Original Madden programmer wins $11 million in lawsuit against EA
Robin Antonick, the original designer and developer of Electronic Arts’ Madden NFL Football games, has been awarded more than $11 million after a jury in U.S. District Court in the Northern District of California today ruled a lawsuit against EA in his favor. Antonick developed the first Madden title in 1988 for MS-DOC, Commodore, and Apple II platforms. In 2011, he sued EA for unpaid royalties.
The case alleges that "EA and Antonick signed a series of publishing and development contracts, culminating in a 1986 agreement that requires EA to pay him royalties on any derivative works related to the original version of EA Madden, including current annual releases, and prohibits EA from using his confidential information. The lawsuit claims that EA failed to pay millions of dollars in royalties owed to Antonick and to keep his work confidential as required by the contract."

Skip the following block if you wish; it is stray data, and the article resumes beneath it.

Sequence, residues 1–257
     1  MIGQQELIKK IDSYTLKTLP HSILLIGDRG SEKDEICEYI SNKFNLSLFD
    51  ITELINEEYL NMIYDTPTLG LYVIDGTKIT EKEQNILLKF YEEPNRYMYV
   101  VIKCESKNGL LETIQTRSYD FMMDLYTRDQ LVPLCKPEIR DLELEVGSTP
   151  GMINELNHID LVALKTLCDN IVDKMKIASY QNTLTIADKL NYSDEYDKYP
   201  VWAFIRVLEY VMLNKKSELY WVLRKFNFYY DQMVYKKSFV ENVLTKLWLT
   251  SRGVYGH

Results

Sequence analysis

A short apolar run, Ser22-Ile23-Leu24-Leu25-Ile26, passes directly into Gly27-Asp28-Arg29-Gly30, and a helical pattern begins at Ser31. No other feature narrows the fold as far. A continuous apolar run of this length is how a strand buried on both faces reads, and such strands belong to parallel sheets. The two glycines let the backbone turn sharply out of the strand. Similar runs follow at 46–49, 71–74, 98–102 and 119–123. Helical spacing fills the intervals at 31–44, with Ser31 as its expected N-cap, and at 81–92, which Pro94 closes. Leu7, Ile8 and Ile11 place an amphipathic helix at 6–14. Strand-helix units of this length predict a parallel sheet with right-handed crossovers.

The court's ruling also gives Antonick the ability to pursue the same claims against EA for games released after 1996, where revenues exceed $3 billion.
“This is a tremendous victory,” said Rob Carey, partner at Hagens Berman Sobol Shapiro LLP and one of Antonick’s attorneys. “In many ways, this trial was a test of each party’s version of events. The jury uniformly rejected the idea that this game was developed without Robin’s work. It is, if nothing, a good omen for the next phase of the litigation.”
If the law firm sounds familiar, that's because they are the same firm in charge of the Ed O'Bannon suit which alleges EA and the NCAA owe student athletes royalties for using their likenesses without permission. The firm believes their litigation is directly tied to the NCAA's decision to not renew its contract with EA for future college football games. Despite the NCAA's decision, EA will continue to make college football games and recently signed an extension with the Collegiate Licensing Company.